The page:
To the same effect, see Restatement of Torts § 533 at 77 (1938); 19 I.L.P. Fraud § 17, at 581-582 (1956).

For cases so holding (chronologically arranged), see Nathanson v. Murphy (1955), 132 Cal.App.2d 363, 282 P.2d 174, 178; Simone v. McKee (1956), 142 Cal.App.2d 307, 298 P.2d 667, 671-672; Odell v. Frueth (1956), 146 Cal.App.2d 504, 304 P.2d 45, 48-49; Harkins v. Fielder (1957), 150 Cal.App.2d 528, 310 P.2d 423, 429; Granberg v. Turnham (1958), 166 Cal. Supp. 2d. 390, 333 P.2d 423, 428; Harold v. Pugh (1959), 174 Cal.App.2d 617, 345 P.2d 112, 115; Massei v. Lettunich (1967), 248 Cal.App.2d 68, 56 Cal.Rptr. 232, 235.

Illinois follows this line of cases. In Rozny v. Marnul (1969), 43 Ill.2d 54, 250 N.E.2d 656, a judgment was entered against the defendant Marnul who had prepared a land survey for a real estate developer, who sold the property to a builder from whom the plaintiffs purchased the improved property. The survey was passed on to a savings and loan association where the plaintiffs saw and relied on it in making the purchase, as did the savings and loan in making the loan. The survey was inaccurate and, as a result, the plaintiffs' house and garage had to be relocated, at a cost of $13,350. In affirming the judgment of the trial court, even though there was no privity in the traditional sense, our supreme court, at pages 61-62 and 67, said:

"Section 402B and a parallel rule relating to pecuniary loss were adopted by the Tennessee Supreme Court in the recent case of Ford Motor Co. v. Lonon, 217 Tenn. 400, 398 S.W.2d 240. After stating that `the decision in the present case is based upon the ground that the manufacturer has committed the tort of misrepresentation rather than a breach of warranty * * *' the court noted that it was not necessary to deal with the privity requirement traditional in contractual warranty cases. `Where * * * plaintiff can establish representations to the public, justifiable reliance on these representations, and the other matters necessary to bring his case under the rules developed in 2 Restatement (Second) Torts, § 402B and a parallel rule concerning pecuniary loss we consider that recovery is justified, both for physical and pecuniary loss, on grounds of misrepresentation, even though there is no direct contract relationship between the parties.' 398 S.W.2d at 248.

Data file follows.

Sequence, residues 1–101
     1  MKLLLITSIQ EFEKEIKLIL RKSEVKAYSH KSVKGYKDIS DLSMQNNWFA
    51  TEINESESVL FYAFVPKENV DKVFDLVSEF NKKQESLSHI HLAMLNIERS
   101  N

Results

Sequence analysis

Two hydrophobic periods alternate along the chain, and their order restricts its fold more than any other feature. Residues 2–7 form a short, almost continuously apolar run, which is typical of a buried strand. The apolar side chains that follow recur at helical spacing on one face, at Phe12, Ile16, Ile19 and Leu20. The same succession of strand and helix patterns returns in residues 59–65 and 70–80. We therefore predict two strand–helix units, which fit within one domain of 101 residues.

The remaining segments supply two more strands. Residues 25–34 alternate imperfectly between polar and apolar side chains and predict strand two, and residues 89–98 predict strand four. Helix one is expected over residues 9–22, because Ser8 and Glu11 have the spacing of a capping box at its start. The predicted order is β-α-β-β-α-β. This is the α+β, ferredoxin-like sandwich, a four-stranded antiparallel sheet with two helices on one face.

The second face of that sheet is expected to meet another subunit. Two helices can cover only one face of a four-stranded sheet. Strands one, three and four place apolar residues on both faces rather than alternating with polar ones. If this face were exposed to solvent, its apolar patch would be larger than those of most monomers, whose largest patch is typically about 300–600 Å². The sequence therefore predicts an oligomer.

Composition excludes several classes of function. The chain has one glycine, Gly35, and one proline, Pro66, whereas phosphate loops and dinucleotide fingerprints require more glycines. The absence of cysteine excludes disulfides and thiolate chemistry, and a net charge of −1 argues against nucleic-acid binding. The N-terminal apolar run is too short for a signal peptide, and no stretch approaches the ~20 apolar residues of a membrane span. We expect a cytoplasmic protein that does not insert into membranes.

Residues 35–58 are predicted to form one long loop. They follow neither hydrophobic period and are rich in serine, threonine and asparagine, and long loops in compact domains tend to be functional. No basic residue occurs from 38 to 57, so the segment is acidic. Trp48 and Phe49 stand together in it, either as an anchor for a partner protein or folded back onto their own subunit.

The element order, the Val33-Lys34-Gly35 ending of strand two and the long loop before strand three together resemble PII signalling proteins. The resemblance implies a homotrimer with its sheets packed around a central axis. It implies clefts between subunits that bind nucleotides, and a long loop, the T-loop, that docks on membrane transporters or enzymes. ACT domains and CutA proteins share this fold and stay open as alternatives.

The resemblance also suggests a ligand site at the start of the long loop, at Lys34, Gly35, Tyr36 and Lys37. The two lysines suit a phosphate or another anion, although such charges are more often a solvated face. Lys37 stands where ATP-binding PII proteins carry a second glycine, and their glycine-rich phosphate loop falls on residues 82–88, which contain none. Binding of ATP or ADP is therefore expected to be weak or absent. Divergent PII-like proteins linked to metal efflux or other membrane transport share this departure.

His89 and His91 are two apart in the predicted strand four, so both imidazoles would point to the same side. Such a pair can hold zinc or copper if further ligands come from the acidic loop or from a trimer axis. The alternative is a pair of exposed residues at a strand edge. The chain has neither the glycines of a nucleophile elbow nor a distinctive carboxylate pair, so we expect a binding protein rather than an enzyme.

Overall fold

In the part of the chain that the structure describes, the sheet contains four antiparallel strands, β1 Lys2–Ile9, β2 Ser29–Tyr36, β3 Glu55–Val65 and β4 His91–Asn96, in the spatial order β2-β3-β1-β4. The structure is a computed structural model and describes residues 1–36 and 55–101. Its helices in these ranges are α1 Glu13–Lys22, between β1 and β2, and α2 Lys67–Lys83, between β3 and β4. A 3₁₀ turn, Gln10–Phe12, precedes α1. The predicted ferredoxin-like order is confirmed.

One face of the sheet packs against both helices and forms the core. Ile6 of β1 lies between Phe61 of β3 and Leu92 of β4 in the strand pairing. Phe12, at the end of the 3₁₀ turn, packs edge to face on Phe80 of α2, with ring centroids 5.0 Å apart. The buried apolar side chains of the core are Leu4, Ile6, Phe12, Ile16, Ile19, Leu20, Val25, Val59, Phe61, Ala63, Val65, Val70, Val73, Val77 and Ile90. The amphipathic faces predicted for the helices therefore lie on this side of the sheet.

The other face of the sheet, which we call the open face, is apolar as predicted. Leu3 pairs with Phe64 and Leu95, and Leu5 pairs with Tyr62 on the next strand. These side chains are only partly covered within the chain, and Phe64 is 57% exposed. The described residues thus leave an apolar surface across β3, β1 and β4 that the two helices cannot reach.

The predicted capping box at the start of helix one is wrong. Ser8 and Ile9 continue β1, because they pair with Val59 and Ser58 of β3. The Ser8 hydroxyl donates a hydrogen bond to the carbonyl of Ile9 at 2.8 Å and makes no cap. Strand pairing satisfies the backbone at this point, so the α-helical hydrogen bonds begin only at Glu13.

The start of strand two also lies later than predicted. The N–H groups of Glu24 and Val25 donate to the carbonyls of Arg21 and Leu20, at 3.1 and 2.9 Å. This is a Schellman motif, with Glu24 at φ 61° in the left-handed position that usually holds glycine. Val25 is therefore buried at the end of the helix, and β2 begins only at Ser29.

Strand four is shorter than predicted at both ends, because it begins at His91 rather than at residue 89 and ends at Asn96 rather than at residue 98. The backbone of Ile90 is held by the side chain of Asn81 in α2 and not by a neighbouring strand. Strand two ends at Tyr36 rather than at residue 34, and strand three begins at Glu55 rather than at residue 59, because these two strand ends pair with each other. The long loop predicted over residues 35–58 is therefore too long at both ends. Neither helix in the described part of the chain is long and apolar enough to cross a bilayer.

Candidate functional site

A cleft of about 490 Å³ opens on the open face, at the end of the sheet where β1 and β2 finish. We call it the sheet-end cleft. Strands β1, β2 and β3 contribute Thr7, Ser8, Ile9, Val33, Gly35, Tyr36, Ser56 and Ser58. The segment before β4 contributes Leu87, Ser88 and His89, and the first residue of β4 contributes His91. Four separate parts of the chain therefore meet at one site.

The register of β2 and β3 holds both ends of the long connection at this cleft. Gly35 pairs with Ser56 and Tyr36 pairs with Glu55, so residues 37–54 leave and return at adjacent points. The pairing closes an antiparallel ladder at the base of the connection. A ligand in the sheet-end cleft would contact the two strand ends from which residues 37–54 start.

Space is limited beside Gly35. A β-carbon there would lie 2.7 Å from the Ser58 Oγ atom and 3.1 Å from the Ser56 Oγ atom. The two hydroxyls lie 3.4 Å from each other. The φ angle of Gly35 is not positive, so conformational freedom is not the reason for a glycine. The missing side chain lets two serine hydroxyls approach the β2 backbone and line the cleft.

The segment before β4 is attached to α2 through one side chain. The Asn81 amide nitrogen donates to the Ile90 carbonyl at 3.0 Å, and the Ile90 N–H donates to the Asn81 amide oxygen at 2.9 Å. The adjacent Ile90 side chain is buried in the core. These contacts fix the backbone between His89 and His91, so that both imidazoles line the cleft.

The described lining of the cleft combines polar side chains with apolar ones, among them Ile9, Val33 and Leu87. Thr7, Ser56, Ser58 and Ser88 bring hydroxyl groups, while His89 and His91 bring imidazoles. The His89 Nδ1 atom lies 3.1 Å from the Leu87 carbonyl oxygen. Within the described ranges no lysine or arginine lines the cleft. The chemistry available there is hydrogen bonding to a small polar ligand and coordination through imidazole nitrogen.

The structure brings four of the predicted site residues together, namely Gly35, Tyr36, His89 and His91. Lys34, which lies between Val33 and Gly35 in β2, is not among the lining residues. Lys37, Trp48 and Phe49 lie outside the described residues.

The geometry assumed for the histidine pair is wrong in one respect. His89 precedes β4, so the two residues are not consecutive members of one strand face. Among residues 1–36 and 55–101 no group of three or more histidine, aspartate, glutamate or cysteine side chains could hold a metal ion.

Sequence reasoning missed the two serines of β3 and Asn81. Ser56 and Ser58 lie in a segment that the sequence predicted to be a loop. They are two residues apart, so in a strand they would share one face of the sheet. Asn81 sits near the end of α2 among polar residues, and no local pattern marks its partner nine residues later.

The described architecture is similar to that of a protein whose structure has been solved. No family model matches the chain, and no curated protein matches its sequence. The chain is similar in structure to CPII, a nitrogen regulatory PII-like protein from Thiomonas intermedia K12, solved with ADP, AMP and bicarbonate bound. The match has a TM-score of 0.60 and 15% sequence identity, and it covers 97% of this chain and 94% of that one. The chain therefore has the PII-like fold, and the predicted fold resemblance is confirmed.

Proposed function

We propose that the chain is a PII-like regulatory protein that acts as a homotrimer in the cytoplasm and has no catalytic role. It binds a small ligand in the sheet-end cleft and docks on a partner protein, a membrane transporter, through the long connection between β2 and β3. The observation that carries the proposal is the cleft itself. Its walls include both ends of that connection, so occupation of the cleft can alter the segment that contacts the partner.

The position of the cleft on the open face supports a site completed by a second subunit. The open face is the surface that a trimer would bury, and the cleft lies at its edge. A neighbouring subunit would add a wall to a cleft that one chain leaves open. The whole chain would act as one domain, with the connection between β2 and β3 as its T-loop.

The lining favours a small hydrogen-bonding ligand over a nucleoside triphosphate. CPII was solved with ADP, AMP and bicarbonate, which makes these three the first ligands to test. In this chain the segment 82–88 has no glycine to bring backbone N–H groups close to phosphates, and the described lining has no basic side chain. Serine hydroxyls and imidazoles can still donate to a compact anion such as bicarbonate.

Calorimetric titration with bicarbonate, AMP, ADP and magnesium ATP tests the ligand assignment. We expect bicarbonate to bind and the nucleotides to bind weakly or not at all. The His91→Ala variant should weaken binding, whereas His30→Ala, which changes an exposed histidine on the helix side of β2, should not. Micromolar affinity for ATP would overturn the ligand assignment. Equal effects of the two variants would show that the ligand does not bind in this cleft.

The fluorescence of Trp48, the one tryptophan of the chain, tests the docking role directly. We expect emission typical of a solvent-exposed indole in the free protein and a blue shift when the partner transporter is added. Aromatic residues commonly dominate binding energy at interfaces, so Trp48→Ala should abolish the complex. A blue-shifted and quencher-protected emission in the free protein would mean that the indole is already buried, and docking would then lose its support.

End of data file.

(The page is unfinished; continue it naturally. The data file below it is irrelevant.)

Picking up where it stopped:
This process of adhering to or eliminating the privity requirement has proved to be an unsatisfactory method of establishing the scope of tort liability to third persons. Because of the difficulties in applying the rule, courts created exceptions deemed necessary to achieve desirable results which were not always completely reconcilable. (See Spence v. Three Rivers Builders Masonry Supply, Inc., 353 Mich. 120, 90 N.W.2d 873, 878.) To eliminate any uncertainty still remaining after Suvada v. White Motor Co., 32 Ill.2d 612, 617, we emphasize that lack of direct contractual relationship between the parties is not a defense in a tort action in this jurisdiction. Thus, tort liability will henceforth be measured by the scope of the duty owed rather than the artificial concepts of privity.